• Value-based pricing: Survey customers in a given market to understand the value they place on certain product uses and benefits. With sufficient data and understanding of target personas, you can set the price of your offerings according to customer expectations.

2. Build up an in-market presence

As you prepare to sell, establishing an infrastructure in and around your new market is critical. However, it’s also a step that’s wholly dependent on your overall go-to-market strategy. Consider whether you will require an in-market presence in these key areas:

  • Marketing: Selling in new places often requires an important repositioning of products. Understand just the level of local expertise you will need to ensure that your offerings are positioned in a way that’s authentic and accompanied by assets that address the needs of local customers.
  • Marketplaces: Though not appropriate for all offerings, regional marketplaces like Alibaba, AliExpress and Rakuten can be a critically important venue for international growth.
  • Support: Always-on customer service is important to delivering efficient and satisfying customer experiences. But customer expectations around support can vary drastically from market to market. Determine whether it will be necessary to approach customer service in your new markets with a “boots on the ground” approach or if you can utilize your existing infrastructure to deliver winning experiences.
  • Selling and logistics: Sometimes, you don’t need to establish a presence yourself but can instead rely on a partner who has local expertise and relationships. For instance, Digital River’s single integration enables brands to tap into a leading logistics network and simplify selling, tax and compliance in over 220 countries. This is the sort of partnership the supports expansion without adding complexity or risk.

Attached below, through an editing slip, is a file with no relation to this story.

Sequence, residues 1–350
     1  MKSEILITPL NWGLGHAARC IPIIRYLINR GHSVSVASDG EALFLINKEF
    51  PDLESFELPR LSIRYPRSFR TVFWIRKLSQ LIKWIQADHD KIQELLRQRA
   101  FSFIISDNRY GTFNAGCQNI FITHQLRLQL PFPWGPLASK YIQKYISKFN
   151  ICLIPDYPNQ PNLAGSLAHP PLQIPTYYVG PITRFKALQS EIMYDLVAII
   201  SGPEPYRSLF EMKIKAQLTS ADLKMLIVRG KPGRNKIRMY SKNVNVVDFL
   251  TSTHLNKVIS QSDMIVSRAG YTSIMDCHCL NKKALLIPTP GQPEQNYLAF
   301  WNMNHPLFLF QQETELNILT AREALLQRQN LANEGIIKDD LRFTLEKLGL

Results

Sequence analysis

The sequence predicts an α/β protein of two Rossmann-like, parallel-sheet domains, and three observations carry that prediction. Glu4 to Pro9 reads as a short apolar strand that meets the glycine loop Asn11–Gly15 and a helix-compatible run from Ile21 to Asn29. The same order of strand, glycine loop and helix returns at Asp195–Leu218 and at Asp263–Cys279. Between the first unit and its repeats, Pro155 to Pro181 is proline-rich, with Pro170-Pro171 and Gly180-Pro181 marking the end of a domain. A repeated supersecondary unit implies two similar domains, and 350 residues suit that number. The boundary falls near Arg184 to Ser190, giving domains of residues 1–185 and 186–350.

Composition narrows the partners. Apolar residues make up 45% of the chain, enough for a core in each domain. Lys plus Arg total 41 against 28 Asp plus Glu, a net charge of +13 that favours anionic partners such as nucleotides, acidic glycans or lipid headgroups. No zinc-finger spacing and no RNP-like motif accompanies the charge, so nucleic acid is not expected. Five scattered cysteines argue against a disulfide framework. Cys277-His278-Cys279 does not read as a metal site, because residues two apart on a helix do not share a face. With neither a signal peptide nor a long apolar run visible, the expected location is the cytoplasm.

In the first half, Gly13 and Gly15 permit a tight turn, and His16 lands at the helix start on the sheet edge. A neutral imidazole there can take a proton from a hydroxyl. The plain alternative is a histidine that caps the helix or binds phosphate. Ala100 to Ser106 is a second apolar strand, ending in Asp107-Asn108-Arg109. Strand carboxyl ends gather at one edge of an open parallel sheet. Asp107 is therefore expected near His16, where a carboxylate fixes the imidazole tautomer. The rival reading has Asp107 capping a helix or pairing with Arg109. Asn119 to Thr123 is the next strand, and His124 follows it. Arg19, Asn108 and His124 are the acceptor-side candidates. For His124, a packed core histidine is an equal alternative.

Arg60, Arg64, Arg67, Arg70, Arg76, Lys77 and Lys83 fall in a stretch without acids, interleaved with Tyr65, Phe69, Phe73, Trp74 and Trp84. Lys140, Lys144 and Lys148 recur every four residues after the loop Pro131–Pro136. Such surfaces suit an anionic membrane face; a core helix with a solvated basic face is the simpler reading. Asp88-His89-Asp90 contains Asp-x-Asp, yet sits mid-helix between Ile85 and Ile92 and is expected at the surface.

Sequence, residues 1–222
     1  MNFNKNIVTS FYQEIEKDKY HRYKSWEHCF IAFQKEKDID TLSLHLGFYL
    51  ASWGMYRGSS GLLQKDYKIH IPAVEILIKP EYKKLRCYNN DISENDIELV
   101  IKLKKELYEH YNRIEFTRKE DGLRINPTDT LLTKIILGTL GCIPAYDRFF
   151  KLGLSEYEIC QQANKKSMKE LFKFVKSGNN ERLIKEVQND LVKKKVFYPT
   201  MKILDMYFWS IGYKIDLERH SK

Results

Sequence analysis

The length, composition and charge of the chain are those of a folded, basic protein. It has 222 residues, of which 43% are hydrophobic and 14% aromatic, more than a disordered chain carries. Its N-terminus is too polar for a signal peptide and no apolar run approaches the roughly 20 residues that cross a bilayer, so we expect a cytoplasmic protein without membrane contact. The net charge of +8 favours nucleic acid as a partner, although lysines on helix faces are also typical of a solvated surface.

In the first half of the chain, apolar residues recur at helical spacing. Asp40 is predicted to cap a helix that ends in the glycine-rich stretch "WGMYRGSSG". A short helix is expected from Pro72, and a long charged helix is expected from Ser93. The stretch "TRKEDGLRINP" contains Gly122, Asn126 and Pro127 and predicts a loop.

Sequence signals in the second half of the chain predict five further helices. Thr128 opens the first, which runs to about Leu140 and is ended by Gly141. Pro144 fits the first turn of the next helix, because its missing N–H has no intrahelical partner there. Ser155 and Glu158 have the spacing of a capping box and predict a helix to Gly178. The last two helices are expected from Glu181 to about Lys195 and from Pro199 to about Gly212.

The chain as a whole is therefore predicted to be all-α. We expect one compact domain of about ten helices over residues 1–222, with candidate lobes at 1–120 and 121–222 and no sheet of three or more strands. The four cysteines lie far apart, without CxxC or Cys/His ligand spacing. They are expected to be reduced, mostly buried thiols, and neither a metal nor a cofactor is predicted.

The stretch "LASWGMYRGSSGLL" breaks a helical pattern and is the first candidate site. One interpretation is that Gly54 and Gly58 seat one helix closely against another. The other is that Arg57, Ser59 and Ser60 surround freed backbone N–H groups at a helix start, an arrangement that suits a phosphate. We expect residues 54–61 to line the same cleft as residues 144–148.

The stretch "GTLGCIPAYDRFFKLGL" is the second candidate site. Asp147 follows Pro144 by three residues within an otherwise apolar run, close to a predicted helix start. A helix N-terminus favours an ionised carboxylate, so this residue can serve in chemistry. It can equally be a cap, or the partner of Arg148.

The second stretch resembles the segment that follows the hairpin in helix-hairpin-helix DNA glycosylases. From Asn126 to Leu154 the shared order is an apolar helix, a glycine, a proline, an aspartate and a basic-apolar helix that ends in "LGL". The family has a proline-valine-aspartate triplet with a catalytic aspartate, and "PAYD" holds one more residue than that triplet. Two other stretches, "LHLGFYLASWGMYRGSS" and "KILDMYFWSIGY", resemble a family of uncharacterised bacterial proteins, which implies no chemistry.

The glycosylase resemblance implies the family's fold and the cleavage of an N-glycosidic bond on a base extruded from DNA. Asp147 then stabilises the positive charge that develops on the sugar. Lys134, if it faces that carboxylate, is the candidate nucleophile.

3. Provide customers with clear information on duties and taxes

Generally, when selling cross-border, you or your Merchant of Record are the exporter and your customer is the importer. This means your customer is responsible for duties and taxes required for import. If these are not calculated correctly at the time of the transaction, the carrier will be required to collect from the consumer upon delivery, which can result in refusals and customer dissatisfaction.

It’s important to provide a clear calculation of final duties and taxes required for import using a landed cost tool. Clearly presenting this information and allowing consumers to pay these fees upfront during the checkout process will improve conversion rates and overall customer satisfaction.

4. Determine the right fulfillment strategy for your business

Shipping across borders is one of the biggest challenges of global ecommerce and requires deep knowledge of trade compliance, cross-border customs clearance and commerce trade rules, import and export rules, fluctuating shipping rates, and more. It’s important to solidify your shipping strategy early to keep costs down and manage customer expectations.

There are a few common fulfillment methods to consider:

  • Direct Fulfillment requires you to be in charge of shipping your goods out to your customers yourself. This gets trickier as you grow and begin to sell globally.